RALEIGH, N.C. (AP) — North Carolina legislators begin a new session Wednesday amid rancor with a new governor and deep skepticism about whether they will reach consensus on big issues or remain stuck in a quagmire of state officials' own making.
Leaders of the Republican-controlled General Assembly and Democratic Gov. Roy Cooper have already filed dueling lawsuits within the last month.
Even before Cooper took office Jan. 1, distrust killed an apparent deal during a pre-Christmas special session to repeal a law that limits LGBT rights and directs which public bathrooms transgender people must use.
"We've never had the polarization, the division, the bitterness that we've got now," said Gary Pearce, a longtime Democratic consultant in North Carolina. "We're one of the most divided states in the country."
Cooper, who defeated Republican Gov. Pat McCrory last fall by just 10,000 votes, must deal with GOP legislators who hold veto-proof majorities. They don't have to listen to him, let alone negotiate on important issues, if they remain unified.
Nevertheless, key leaders have identified a few potential areas for consensus as lawmakers return to Raleigh two weeks after choosing their leaders.
Cooper, House Speaker Tim Moore and Senate leader Phil Berger have said deals could be reached on issues such as raising teacher pay, cutting taxes for low- and middle-class families, and addressing opioid addiction.
It will be tougher to hammer out a $22 billion state budget without a Cooper veto or persuade enough Republicans to repeal the so-called bathroom bill, also known as House Bill 2, that Cooper wants eliminated. Berger criticized Cooper for urging Senate Democrats to vote down Berger's repeal bill last month that ultimately would have included a short moratorium on LGBT ordinances. Cooper responded that GOP leaders failed to carry out their repeal agreement.
All bets are off if Republicans decide to support just a partial repeal of HB2, consider further abortion restrictions or revive a voter identification mandate thrown out by a federal appeals court last summer. Cooper and Democrats will fight them.
Relations between lawmakers and Cooper started on a bad footing.
GOP lawmakers called a special session in mid-December — separate from the HB2 session — and passed laws that reduce or check Cooper's powers. Dozens of anti-Republican protesters were arrested at the Legislative Building during the session. Cooper challenged the laws in court and already has blocked one that would shift oversight of elections from him to the legislature.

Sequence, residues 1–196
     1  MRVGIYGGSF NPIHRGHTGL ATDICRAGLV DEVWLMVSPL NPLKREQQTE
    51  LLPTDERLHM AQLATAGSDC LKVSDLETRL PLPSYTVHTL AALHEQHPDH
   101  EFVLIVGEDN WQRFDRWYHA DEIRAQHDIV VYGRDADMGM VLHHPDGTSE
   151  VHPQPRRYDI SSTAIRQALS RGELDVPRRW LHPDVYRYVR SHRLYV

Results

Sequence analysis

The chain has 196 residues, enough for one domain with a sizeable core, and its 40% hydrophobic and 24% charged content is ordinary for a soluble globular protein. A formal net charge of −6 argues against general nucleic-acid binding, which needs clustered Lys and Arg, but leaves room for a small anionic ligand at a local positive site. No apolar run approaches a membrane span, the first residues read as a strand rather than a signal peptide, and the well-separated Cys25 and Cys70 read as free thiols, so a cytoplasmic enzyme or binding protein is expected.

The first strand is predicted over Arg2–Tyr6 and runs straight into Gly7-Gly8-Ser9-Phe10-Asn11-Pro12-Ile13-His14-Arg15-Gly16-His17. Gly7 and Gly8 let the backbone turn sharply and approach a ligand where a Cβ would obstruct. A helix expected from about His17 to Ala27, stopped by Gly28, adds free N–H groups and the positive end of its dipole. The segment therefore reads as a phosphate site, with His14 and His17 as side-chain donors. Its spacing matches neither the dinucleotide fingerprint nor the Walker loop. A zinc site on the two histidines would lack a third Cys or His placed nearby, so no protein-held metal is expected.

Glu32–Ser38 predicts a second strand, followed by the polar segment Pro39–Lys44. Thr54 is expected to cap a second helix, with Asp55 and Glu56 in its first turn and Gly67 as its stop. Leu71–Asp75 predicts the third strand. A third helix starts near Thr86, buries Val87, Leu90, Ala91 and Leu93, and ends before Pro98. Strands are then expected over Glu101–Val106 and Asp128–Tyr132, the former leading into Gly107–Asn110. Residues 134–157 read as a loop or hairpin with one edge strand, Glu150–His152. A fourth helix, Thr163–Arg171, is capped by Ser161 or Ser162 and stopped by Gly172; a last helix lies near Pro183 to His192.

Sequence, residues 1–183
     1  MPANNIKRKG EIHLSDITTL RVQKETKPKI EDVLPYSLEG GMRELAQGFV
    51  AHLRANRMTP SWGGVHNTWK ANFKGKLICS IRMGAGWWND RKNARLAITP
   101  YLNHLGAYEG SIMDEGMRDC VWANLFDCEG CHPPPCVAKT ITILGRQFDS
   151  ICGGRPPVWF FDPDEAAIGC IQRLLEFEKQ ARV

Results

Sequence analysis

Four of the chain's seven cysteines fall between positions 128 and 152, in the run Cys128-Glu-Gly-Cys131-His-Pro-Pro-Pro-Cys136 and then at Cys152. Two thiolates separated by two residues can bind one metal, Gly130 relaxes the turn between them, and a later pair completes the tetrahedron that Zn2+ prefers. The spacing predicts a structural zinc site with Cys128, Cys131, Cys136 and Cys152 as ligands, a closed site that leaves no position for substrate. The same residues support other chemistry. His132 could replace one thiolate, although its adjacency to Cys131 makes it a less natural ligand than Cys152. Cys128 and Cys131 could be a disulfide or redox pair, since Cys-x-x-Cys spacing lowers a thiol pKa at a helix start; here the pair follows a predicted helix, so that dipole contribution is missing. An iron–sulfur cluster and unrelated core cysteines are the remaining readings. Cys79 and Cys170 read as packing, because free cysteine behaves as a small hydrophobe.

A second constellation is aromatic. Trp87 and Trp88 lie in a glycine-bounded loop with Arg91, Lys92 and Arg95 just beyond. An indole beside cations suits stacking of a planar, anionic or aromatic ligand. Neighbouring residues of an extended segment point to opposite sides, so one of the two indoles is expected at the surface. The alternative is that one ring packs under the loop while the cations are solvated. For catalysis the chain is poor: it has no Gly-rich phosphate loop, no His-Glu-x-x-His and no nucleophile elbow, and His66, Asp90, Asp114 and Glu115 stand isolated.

Cooper didn't endear himself to Moore and Berger during his first week in office when he started trying to expand Medicaid through the federal health care overhaul without the legislature's OK, as state law requires. Cooper began doing so as Congress works toward repealing the overhaul altogether.
Cooper's action "did not sit well with the General Assembly, and I don't think that's the right message to send right out of the gate," said Chris Sinclair, a Republican consultant who worked for McCrory's 2012 campaign. Legislative leaders sued and, for now, have blocked Cooper's expansion efforts.
Sinclair said Cooper should extend first the handshake to GOP lawmakers in a state where the General Assembly historically has been the most powerful branch. Republicans also got welcome news two weeks ago when the U.S. Supreme Court temporarily blocked a lower court order directing House and Senate boundaries be redrawn quickly and special elections be held this fall under the new lines. GOP majorities will remain through 2018 if the delay stays in place.
But Democratic consultants say Cooper is in the position of strength. They say he ran a campaign based on countering the state's recent conservative shift, and his win should make GOP leaders think twice before passing more divisive laws. Cooper blamed the economic backlash over HB2 on McCrory, who signed the law.
A revenue surplus — North Carolina is currently $322 million ahead of projections — could provide a fiscal salve to the rough environment by funding initiatives legislators and Cooper support, said Mac McCorkle, an adviser to two previous Democratic governors.
North Carolina lawmakers usually adjourn in the early summer. If the session goes longer, the electorate could blame both Cooper and legislators for failing to get things done.
"I'm not optimistic, at least at first," said McCorkle, now a Duke University professor. "It seems like a very poisonous atmosphere ... Neither side can withstand for too long a growing perception that Raleigh's just one big mess."